Indiana                        Yes                       Yes                        -0-                       3                               Yes
Iowa                           Yes                       Yes
Kansas                         No
Kentucky                      Partial
Louisiana                      Yes                       Yes
Maine                          Yes                                                  -0-                       3
Maryland                       Yes                       Yes
Massachusetts                  Yes                       Yes                        -0-                       6                               Yes
Michigan                       Yes                       Yes
Minnesota                     Partial
Mississippi                    Yes                       Yes
Missouri                       Yes                       Yes
Montana                        No
Nebraska                      Partial                  Yes
Nevada                        Partial                 curfew                        -0-5                      3
New Hampshire                  Yes                     Yes
New Jersey                     Yes                     Yes                           1                       66                               Yes
New Mexico                     Yes                     Yes                           1                      126
New York                       Yes                     Yes
North Carolina                 Yes                     Yes                           1                       66                               Yes
North Dakota                  Partial
Ohio                           Yes                       Yes
Oklahoma                       No
Oregon                         Yes                       Yes                        -0-4                      6
Pennsylvania                   Yes                       Yes
Rhode Island                   Yes                       Yes
South Carolina                 Yes                       Yes                        22                      126                               Yes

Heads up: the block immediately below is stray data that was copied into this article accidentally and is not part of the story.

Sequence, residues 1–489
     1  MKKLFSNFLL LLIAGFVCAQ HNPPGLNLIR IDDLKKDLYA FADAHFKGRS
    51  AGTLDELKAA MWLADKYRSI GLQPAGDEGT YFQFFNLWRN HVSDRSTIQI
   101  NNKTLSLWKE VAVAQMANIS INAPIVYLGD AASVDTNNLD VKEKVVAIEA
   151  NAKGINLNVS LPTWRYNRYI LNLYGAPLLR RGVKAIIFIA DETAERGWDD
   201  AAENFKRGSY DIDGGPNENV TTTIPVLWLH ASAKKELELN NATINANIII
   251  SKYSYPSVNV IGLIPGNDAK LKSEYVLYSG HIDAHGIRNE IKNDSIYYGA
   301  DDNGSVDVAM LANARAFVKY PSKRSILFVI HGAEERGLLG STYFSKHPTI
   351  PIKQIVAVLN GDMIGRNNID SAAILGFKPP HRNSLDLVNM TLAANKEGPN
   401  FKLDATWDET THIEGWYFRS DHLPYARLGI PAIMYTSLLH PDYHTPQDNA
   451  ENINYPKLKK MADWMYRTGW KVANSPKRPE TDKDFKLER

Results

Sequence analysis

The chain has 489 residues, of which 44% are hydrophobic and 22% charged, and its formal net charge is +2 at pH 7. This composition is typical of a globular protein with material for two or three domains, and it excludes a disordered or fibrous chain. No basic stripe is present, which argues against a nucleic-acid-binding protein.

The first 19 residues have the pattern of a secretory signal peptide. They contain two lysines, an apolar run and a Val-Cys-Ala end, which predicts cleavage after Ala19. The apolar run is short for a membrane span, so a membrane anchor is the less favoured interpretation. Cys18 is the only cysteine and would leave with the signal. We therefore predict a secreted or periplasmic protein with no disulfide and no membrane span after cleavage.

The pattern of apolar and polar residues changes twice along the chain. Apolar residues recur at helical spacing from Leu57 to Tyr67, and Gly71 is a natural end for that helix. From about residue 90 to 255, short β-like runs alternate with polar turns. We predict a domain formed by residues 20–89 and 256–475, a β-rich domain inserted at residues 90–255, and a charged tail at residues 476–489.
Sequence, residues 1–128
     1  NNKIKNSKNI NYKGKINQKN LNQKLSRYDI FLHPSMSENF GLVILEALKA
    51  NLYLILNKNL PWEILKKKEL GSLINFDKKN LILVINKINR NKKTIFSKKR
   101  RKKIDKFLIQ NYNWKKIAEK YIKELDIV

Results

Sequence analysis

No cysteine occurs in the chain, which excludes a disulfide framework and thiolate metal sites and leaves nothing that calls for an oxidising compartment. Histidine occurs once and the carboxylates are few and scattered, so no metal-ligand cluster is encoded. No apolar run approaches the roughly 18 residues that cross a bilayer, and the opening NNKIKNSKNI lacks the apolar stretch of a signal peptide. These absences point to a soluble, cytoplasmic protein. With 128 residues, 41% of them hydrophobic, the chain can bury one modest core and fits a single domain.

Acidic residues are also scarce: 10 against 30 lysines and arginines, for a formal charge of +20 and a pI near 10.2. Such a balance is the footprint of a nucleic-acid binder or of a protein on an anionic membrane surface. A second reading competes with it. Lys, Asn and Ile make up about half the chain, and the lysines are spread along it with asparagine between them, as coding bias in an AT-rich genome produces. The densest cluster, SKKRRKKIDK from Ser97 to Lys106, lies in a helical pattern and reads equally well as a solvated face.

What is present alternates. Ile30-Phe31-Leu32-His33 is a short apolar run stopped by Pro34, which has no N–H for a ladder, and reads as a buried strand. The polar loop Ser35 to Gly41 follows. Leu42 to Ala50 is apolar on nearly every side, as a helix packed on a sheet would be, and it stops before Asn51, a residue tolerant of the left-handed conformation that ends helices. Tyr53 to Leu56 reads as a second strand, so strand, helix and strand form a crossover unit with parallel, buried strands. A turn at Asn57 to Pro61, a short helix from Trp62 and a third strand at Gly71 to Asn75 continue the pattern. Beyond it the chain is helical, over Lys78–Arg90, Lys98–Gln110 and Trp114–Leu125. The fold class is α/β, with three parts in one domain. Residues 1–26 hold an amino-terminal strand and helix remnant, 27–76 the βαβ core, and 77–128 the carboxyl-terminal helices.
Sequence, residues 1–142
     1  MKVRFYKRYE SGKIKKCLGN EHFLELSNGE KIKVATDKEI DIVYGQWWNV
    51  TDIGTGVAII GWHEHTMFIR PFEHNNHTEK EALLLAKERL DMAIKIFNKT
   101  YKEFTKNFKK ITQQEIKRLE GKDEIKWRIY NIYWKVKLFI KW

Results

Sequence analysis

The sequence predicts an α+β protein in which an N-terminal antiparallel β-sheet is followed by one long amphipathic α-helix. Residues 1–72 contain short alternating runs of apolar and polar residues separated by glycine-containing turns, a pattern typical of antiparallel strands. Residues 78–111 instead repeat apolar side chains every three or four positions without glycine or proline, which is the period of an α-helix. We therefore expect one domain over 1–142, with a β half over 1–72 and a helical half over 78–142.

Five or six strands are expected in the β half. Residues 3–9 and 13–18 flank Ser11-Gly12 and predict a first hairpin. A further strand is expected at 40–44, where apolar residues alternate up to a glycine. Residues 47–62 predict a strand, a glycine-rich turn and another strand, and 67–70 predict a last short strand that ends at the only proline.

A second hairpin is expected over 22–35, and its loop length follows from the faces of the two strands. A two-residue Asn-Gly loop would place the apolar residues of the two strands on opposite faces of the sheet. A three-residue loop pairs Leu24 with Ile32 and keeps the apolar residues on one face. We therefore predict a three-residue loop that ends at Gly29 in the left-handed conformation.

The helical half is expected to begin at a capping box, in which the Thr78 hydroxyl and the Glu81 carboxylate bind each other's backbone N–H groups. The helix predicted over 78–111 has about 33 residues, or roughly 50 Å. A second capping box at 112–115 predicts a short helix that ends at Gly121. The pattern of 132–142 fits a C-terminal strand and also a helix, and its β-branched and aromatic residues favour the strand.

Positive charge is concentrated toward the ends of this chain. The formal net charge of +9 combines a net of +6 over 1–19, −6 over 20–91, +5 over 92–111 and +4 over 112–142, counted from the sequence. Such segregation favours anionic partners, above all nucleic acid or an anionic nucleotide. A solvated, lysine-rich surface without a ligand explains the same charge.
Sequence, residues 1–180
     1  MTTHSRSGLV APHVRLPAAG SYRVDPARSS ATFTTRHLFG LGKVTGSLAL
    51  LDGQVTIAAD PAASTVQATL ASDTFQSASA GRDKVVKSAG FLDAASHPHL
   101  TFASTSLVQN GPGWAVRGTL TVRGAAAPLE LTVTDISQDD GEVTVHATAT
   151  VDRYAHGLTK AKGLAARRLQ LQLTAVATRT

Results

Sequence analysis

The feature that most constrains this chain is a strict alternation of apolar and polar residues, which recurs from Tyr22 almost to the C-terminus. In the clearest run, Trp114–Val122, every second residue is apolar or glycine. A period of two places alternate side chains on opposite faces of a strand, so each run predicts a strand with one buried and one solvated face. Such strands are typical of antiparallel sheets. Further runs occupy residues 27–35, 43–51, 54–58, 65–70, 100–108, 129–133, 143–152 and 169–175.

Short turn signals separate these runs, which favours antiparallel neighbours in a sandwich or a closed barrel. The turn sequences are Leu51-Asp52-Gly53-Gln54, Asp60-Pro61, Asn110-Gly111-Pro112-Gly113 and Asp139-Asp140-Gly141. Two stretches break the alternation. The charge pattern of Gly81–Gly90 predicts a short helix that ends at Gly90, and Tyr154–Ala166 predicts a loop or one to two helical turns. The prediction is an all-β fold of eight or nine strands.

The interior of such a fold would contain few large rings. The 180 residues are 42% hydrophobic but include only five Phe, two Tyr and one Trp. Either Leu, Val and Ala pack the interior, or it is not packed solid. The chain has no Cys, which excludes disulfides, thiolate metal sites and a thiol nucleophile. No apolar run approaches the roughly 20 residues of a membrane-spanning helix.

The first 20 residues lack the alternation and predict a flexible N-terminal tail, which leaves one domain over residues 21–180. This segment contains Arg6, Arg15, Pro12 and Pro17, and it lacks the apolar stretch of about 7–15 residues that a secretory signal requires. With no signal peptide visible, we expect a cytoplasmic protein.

South Dakota                   Yes                       Yes
Tennessee                      Yes                       Yes                          1                     126                               Yes
Texas                          Yes                       Yes                          1                      66
Utah                          Partial                    Yes                        -0-5                     6                                Yes
Vermont                        Yes                                                   -0-                     6                                Yes
Virginia                       Yes                       Yes                          13                     9
Washington                     Yes                       Yes                        -0-4                     6
West Virginia                  Yes                       Yes                          32                    126
Wisconsin                      Yes                       Yes                          1                      9                                Yes
Wyoming                        No

 1
   The passenger restriction duration may be shorter than the maximum duration of the intermediate license stage. The intermediate stage in the states varies
 from 3 months to 2 years. One year is the maximum duration of the intermediate stage in 18 states.
 2
   DE and SC allow up to two passengers during the initial portion of the intermediate license stage, but allow a greater number thereafter; WV allows up to
 three passengers during the intermediate stage.
 3
   VA and DC allow one passenger during the initial portion of the intermediate license stage, but allow a greater number thereafter.
 4
   GA, OR and WA allow no passengers during the initial portion of the intermediate license stage, but allow a greater number thereafter.
 5
   NV and UT have a passenger restriction but do not have a 3-stage system.
 6
   This is the minimum duration; the passenger restriction is in effect until qualified for an unrestricted license.